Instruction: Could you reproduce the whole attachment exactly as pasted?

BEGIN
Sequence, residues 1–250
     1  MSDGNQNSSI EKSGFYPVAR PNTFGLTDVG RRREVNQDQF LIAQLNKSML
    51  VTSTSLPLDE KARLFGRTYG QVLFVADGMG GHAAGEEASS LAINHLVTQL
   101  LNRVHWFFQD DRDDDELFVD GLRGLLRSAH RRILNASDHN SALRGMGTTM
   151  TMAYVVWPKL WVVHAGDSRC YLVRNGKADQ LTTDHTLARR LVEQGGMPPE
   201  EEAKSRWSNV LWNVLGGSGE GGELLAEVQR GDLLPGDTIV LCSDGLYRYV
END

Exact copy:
Sequence, residues 1–250
     1  MSDGNQNSSI EKSGFYPVAR PNTFGLTDVG RRREVNQDQF LIAQLNKSML
    51  VTSTSLPLDE KARLFGRTYG QVLFVADGMG GHAAGEEASS LAINHLVTQL
   101  LNRVHWFFQD DRDDDELFVD GLRGLLRSAH RRILNASDHN SALRGMGTTM
   151  TMAYVVWPKL WVVHAGDSRC YLVRNGKADQ LTTDHTLARR LVEQGGMPPE
   201  EEAKSRWSNV LWNVLGGSGE GGELLAEVQR GDLLPGDTIV LCSDGLYRYV